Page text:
‘However those of us who were in the frontline of the services across 15 provinces, have been rejected, even though we were in the public eye, with everyone in the communities knowing we were working for the embassy.

‘The Taliban see us spies who were assisting the infidels and I have lost contact with many of my former colleagues.

‘Many of us are in hiding in Kabul.’

The fluent English teacher, who left his role when the English for Afghans programme ended, was in the vanguard of efforts to give Afghanistan a brighter future.

‘The Taliban are searching for us,’ he said.

‘I haven’t heard from one of my colleagues for the last four days, he is not on the phone or the internet and other colleagues are saying he has been captured by the Taliban because he was identified sooner than others.

‘The Taliban are telling the media they are not targeting people who worked for the British and other nations’ embassies but they are after us, they are targeting us.

‘They are going to find and kill us secretly, because they don’t want the media to find out about their brutality. I am in fear of my life and my family’s lives because everyone knows I was working for the British Council in Afghanistan. I didn’t know this day would come so everything is in public on social media about the work I did.’

The former British employee, who does not want to be named for his safety, said some of his managers based at the embassy had been accepted onto the fast-track ARAP scheme, but others in lower grades had not.

‘There are around 60 of us in hiding in Kabul,’ he said.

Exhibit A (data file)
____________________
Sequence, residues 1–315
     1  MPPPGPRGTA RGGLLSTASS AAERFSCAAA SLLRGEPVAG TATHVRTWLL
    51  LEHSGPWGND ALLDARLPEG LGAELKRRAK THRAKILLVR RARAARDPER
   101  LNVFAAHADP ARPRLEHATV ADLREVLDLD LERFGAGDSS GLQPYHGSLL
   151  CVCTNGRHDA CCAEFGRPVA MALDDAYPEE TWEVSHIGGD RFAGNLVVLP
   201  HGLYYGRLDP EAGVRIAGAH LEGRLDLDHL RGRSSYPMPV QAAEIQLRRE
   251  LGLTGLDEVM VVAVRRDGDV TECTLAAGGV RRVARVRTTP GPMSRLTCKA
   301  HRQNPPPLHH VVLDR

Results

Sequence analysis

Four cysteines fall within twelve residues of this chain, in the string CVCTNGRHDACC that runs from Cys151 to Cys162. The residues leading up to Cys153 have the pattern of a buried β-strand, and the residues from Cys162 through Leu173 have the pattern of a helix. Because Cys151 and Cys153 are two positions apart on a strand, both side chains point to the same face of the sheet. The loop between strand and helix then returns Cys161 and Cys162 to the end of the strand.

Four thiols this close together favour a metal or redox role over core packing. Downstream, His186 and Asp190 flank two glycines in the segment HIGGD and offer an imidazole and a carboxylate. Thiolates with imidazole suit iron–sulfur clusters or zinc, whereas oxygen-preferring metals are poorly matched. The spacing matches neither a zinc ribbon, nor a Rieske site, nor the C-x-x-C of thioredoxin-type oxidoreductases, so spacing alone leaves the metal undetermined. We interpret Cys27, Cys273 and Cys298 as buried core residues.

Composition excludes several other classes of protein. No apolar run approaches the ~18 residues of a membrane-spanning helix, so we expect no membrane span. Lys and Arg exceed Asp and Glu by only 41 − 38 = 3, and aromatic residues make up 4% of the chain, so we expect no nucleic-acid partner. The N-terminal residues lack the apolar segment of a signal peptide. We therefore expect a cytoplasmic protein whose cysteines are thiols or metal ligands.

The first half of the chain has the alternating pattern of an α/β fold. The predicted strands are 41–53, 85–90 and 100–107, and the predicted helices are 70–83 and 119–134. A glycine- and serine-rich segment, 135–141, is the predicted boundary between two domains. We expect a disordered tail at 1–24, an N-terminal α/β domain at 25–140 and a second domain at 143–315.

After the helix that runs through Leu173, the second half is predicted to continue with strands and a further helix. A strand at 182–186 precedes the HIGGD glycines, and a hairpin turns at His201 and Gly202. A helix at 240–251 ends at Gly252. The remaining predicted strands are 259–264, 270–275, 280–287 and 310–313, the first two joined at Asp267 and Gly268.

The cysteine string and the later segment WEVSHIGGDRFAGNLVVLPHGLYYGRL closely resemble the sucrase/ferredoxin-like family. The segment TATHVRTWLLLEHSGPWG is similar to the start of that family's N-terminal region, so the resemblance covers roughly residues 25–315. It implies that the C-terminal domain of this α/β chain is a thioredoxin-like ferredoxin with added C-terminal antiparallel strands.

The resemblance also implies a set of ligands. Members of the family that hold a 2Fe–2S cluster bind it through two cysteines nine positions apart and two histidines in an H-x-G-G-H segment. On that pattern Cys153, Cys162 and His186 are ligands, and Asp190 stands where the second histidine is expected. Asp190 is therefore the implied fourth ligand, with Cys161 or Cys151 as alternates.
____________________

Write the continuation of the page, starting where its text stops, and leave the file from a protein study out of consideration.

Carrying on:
‘They should treat our cases with extreme urgency; we served the British Government on the frontlines, with the public, with the communities, because we were working for Afghanistan and the people.

‘I could have left in 2014 when some of my colleagues did but I had recently graduated at the time and I wanted to give back to the community.

‘We stayed to try and give Afghanistan a future but now we are being forgotten, we are being left behind.’

In May 2021, the Ministry of Defence (MoD) made a commitment to ‘significantly accelerate’ relocations through the ARAP, which is not time limited and prioritises those most at risk.

Other support, including security advice, financial assistance and relocation to safe areas within Afghanistan, was being provided, according to the Government at the time.

A spokesperson has said: ‘Nobody’s life should be put at risk because they supported the UK Government in Afghanistan.

‘Our Afghan relocation policy is one of the most generous in the world and has already supported over 2,700 former Afghan staff and their families to start new lives in the UK, with more than 1,000 of them arriving over the last few weeks alone. As we continue to significantly accelerate the pace of relocations, hundreds more will follow. We carefully assess each application for relocation under the criteria of the ARAP.

‘Those who were dismissed for serious offences, including those that constitute a crime in the UK or threatened the safety and security of British troops, will continue to be excluded.’

A British Council spokesperson has said previously: ‘We take the safety of all those involved in our programmes extremely seriously.’ has approached the British Council and MoD for further comment.